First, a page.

Switching Gears: Ways to Optimize an Unplanned Shift to Online Teaching

April 2020
illustration depicting online teaching

One of the most significant changes to education in decades is occurring across the country as educators shift to providing their instructional expertise almost solely through online teaching.

While simultaneously adapting and innovating each day, teachers are working harder than ever to deliver content—but more importantly, to connect with and support their students through these challenging times, providing hope and continuity.

The unplanned pivot to online teaching doesn’t come without significant challenges, including equity-related issues; access to computers and high-speed internet; and support for the physical, social, and emotional well-being of our youth. However, it also offers opportunities for ingenuity and creativity.

But first, a strong foundation for online teaching must be built—and according to Lisa Nebeker, a faculty member at the Idaho Digital Learning Alliance (IDLA), educators are further ahead than they may realize because they have already built relationships with their students.

“They know their students, their strengths, and their needs,” she says. “Remote teaching may look different, but they are still able to use those skills that are at the heart of teaching.”

Start with the Basics

Teachers need to develop an ongoing understanding of the infrastructure required for remote instruction, such as school learning management systems. One helpful resource from IDLA is “eDays for Teachers 2020.”

This webinar offers a tutorial on Google Meet and provides various technology-related tips. These include using headphones with a microphone, muting students until they need to speak, and preparing alternative resources (such as a recording of the session).

Once the technological foundation is established, a recent Edutopia article recommends that new online teachers focus on four best practices:

  • “Simplicity is key”
  • “Establish a digital home base”
  • “Prioritize longer, student-driven assignments”
  • “Individual touchpoints are game-changers”

Another helpful article from Edutopia, “Teaching Strategies of Award-Winning Online Instructors,” examines five key takeaways from a study published in the December 2019 issue of Online Learning Journal. These include providing opportunities for students to create content and reflect on their learning.

Offer Various Types of Learning Activities

In the study mentioned above, one instructor stated, “You can’t just take your material you’ve provided in class and put it online.”

To that end, as teachers begin to hone new creative practices while they deliver online instruction, IDLA suggests that they consider offering different opportunities, such as:

  • Guest speakers and “ask an expert” events
  • Virtual field trips
  • Science experiments (with household items/supplies)
  • Show and tell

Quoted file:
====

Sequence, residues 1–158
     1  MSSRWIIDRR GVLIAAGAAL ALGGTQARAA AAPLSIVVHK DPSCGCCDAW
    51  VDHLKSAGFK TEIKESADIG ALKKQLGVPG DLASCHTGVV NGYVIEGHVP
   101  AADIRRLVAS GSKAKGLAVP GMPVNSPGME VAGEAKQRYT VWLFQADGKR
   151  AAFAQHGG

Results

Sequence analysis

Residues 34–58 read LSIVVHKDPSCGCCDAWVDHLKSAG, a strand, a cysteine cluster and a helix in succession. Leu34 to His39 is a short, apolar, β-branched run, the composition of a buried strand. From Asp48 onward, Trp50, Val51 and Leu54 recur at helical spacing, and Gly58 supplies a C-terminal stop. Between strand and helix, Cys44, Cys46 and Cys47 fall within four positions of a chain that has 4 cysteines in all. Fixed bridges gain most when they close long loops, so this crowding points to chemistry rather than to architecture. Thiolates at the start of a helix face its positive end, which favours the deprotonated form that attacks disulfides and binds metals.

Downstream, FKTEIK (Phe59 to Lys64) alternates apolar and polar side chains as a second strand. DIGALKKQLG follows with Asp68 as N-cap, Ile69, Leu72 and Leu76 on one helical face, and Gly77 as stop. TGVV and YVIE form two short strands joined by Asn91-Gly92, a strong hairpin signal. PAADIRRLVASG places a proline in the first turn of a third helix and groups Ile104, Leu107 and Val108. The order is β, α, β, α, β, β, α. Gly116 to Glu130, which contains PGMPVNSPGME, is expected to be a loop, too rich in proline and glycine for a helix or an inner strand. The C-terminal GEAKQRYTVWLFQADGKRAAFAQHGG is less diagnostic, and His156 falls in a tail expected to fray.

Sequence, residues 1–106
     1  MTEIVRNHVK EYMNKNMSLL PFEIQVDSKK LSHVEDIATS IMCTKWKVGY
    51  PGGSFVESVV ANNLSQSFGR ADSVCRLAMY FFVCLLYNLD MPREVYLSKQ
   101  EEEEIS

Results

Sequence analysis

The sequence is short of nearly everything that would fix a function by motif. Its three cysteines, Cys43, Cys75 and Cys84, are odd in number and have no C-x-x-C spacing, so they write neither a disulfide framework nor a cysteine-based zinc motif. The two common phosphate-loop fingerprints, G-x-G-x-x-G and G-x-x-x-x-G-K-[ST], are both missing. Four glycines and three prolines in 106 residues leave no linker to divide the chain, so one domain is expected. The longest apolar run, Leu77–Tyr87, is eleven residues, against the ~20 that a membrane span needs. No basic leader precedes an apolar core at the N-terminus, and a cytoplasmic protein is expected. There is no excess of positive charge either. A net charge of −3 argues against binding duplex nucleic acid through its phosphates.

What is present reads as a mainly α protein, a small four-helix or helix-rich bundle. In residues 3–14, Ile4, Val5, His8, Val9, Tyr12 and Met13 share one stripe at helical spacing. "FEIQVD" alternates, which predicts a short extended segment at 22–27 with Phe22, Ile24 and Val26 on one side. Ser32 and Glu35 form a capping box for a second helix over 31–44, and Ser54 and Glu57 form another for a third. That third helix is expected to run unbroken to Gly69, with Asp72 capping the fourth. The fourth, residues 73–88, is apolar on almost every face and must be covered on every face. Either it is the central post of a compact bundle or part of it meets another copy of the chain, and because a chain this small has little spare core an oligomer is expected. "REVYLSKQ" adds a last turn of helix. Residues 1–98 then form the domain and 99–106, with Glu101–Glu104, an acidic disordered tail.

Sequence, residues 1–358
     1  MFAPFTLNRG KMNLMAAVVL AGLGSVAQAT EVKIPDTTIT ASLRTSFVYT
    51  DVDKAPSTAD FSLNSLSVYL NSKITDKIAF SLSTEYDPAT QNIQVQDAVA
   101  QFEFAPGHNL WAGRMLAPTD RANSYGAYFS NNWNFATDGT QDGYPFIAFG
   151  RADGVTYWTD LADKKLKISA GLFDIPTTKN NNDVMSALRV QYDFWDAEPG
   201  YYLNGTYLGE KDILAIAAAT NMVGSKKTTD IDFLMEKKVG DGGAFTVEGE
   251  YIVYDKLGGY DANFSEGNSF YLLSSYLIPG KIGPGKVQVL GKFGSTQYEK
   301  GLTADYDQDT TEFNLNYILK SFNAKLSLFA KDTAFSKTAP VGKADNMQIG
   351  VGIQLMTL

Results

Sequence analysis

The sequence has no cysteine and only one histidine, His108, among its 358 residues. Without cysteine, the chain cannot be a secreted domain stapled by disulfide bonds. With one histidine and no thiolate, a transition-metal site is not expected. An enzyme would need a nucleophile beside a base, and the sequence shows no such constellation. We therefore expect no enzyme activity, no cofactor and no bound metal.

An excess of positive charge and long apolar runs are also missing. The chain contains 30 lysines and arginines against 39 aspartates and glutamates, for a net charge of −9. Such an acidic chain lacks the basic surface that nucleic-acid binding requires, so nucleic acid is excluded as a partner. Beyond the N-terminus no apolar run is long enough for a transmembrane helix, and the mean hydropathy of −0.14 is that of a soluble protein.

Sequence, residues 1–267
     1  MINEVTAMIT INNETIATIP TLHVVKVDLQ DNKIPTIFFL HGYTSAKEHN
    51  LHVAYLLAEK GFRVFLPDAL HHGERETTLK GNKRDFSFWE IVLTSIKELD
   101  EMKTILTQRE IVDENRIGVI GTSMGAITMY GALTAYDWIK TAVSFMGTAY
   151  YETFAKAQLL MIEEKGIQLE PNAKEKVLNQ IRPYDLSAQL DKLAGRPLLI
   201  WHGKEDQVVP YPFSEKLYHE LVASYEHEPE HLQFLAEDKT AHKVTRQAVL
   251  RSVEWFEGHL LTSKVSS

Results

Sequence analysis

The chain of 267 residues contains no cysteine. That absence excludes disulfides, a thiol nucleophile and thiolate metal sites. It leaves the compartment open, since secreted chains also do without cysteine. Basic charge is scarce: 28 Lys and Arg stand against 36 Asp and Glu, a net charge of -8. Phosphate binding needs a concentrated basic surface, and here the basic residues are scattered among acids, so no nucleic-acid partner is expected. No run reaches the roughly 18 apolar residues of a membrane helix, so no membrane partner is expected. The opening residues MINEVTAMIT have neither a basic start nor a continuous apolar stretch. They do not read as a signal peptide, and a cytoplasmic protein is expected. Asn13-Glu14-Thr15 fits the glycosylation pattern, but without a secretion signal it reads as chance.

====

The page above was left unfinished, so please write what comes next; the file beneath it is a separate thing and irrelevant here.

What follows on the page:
• Web scavenger hunts

Research and Use State Resources

Across the Northwest, state education agencies are offering virtual support for educators, including resources and professional development tailored to their unique state context, as they navigate the unexpected shift to online learning.

A state-by-state rundown of resources is provided below.

The Alaska Department of Education & Early Development has launched “Teaching & Learning Support,” a website that provides distance teaching tools (including professional development on many topics related to online learning).

The Idaho State Department of Education, in coordination with the state and governor, has created a website devoted to resources for schools. In addition, IDLA is offering coronavirus response resources, including various webinars. “Our team wants to build up the capacity of teachers who are entering the world of remote learning possibly for the first time,” says Jeff Simmons, director of supervision and instruction at IDLA.

The Montana Office of Public Instruction is offering various online learning resources, including remote learning sharing sessions (which give teachers “an opportunity to share resources, ask questions, and build community around remote learning”). Additionally, the website includes a link to the Teacher Learning Hub, through which educators can take “Introduction to Online Course Design.”

The Oregon Department of Education (ODE) has created a web page titled “Distance Learning for All: Care, Connection, Continuity” that provides guidance and resources for educators. ODE has also created a web page with COVID-19–related resources that fall under the following five categories: “School Leaders,” “School-Aged Emergency Child Care,” “Mental Health and Social Support,” “Parents and Families,” and “Essential Links.”

On its website, the Washington Office of Superintendent of Public Instruction is providing “Resources for Continuous Learning During School Closures.” These resources were “chosen for their alignment to Washington State Learning Standards (or a recognized equivalent) and/or direct experience with effective implementation with students.”

For more information on remote learning and online teaching, check out these resources from REL Northwest, REL Midwest, and the Indiana Department of Education.